Elections to the Lok Sabha and six Assemblies — Andhra Pradesh, Odisha, Jammu & Kashmir, Maharashtra, Jharkhand and Haryana — are going to dictate the political calendar of 2019.
The Lok Sabha elections will not only overshadow all these Assembly elections but will also likely dictate, with their results, the contours of three of the state elections — Maharashtra, Jharkhand and Haryana, which will follow later in the year. While it is still about 10 weeks before the Election Commission announces the schedule for the Lok Sabha elections, the coming weeks will witness negotiations behind the scene among leaders.
Meanwhile, economy watchers will be looking out for the vote on account that the government will present, and political observers will keep an eye on the Supreme Court hearing on the Ayodhya title suit. A regular hearing leading up to a judgment may have a bearing on the election discourse.
The decisive mandate in favour of Narendra Modi in 2014 witnessed the Congress put up its worst ever performance, and the BJP’s subsequent wins in Assembly elections across the country shrank the Congress across the country.
But after 2014, it has been a see-saw between hope and despair in the Opposition camp. While it handed the BJP crushing defeats in Delhi and Bihar in 2015, the BJP had massive successes in Assam (2016), Uttar Pradesh (2017) and Tripura (2018). One of the prominent opposition faces — Nitish Kumar — jumped ship after the BJP’s return to power in Uttar Pradesh after 15 years and joined the NDA in 2017. On the other hand, the BJP struggled to retain Gujarat, home state of the Prime Minister and the party president. And months after the historic victory in Tripura, it fumbled in Karnataka in 2018.
The Opposition tasted long-delayed success just when it needed it with the Congress snatching Madhya Pradesh, Rajasthan and Chhattisgarh from the BJP, barely six months ahead of the Lok Sabha elections. These results not only woke BJP from its “There is not alternative” complacence but also revived the Congress as the protagonist of the Opposition alternative in 2019.
The 2019 elections present the BJP with challenges very different from the opportunities of 2014. Back then, the BJP rode anti-incumbency against UPA and galvanised support for itself with the promise of achche din that would fix everything the electorate thought was broken. Modi had a novelty factor that appeared to contrast all that seemed wrong in the then UPA. The BJP had gone into the 2014 elections as the winner of Madhya Pradesh, Rajasthan and Chhattisgarh; this time, it goes to polls on the back of defeats in these three states. Back then, the Congress had come off defeat in Delhi; this time, the defeat in Karnataka is still fresh with the BJP.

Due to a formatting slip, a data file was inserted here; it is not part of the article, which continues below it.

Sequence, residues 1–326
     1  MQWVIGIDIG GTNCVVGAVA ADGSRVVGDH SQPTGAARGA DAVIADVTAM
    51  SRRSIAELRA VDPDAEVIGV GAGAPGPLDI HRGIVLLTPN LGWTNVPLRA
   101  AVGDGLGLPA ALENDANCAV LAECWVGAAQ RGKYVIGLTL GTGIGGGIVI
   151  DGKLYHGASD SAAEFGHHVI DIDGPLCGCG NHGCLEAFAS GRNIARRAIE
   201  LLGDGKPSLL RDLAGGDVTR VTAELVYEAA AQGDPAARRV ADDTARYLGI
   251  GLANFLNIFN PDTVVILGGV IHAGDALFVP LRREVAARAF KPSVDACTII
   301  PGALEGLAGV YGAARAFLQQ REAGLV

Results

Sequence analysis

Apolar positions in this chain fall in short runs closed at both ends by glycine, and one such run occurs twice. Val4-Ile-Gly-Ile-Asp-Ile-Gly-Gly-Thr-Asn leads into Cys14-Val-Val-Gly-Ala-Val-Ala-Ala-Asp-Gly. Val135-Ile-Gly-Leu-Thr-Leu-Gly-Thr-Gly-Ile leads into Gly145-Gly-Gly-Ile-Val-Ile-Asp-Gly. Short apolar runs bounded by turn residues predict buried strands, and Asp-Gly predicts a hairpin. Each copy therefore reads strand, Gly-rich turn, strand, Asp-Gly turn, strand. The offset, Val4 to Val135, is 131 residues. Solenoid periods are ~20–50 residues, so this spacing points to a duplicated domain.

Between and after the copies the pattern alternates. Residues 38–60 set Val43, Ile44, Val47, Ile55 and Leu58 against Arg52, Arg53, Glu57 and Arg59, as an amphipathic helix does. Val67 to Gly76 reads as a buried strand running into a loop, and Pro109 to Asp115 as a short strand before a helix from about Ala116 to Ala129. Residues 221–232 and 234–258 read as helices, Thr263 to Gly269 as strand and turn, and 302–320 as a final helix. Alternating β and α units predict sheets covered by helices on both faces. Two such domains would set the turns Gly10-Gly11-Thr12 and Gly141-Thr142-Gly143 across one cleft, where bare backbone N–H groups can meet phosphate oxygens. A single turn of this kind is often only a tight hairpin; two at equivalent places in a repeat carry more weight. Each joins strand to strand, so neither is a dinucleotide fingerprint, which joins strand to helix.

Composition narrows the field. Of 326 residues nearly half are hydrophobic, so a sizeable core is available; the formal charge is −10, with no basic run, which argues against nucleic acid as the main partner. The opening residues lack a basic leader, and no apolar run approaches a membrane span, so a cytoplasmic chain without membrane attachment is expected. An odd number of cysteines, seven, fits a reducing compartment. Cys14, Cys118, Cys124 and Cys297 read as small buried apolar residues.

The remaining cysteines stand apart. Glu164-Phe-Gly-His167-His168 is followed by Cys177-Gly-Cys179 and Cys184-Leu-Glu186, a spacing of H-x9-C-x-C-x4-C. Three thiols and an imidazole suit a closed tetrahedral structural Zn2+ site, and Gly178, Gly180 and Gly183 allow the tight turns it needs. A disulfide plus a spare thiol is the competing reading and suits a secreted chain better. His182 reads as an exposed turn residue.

As the current incumbent, the BJP will be without that novelty factor around Modi and the newness of being a promising opponent as a party. Its first objective would be getting control of the narrative. Its vulnerabilities as an incumbent having been exposed in Gujarat, Madhya Pradesh, Rajasthan and Chhattisgarh, the first half of 2019 will witness the BJP hard-selling what it claims are its achievements.
So, it is going to be a display of whether or not the widely spread access to low-hanging fruits like toilets, bank accounts, LPG cylinders, modest houses, and insurance-based social security matches up to the electorate’s expectations of achche din. Expect the incumbent to amplify its claims that its delivery over 60 months has been more impressive than what had happened during the previous 60 years.
On the social and geographic chessboard of politics, the BJP will be seen recalibrating and renegotiating its stance. Having faced rebellion from dominant castes such as Jats (Haryana), Marathas (Maharashtra), Patidars (Gujarat) as well as the ambivalence of other dominant castes such as Yadavs (Uttar Pradesh and Bihar), the BJP will be seen either trying to counter them or build social coalitions for the elections. The Maharashtra government’s decision on Maratha reservations, and the BJP’s flexibility in accommodating Ram Vilas Paswan and Nitish Kumar in Bihar are hints to what the BJP’s approach will be. At the pan-India level, the BJP will continue its claims of taking up the causes of Dalits and the poor while the Opposition will seek to debunk these claims.
The BJP is aware that when it made the “Abki bar, Modi sarkar”in 2014, it was on a different footing than now, when it is making the appeal of “Fir ek bar, Modi sarkar” for 2019.
The Opposition enters 2019 with more hope than in the previous four years. It has got some momentum going after the Congress defeated the BJP in the Hindi heartland states. The results have not only revived the Congress as the lead Opposition but also presented the Opposition with a “India Whining” narrative against “achche din”. The first half of 2019 will witness the Opposition amplifying this rhetoric to force the incumbent to respond. Just as the anti-corruption narrative was seized by the then Opposition BJP in 2014, the present Opposition seems to be controlling the agrarian distress narrative in 2019 and forcing the BJP to respond. The Congress leadership’s recalibrated decision against overdoing secularism, too, has robbed the incumbent of a traditional counter-narrative. Expect to see Opposition leaders in temples more often.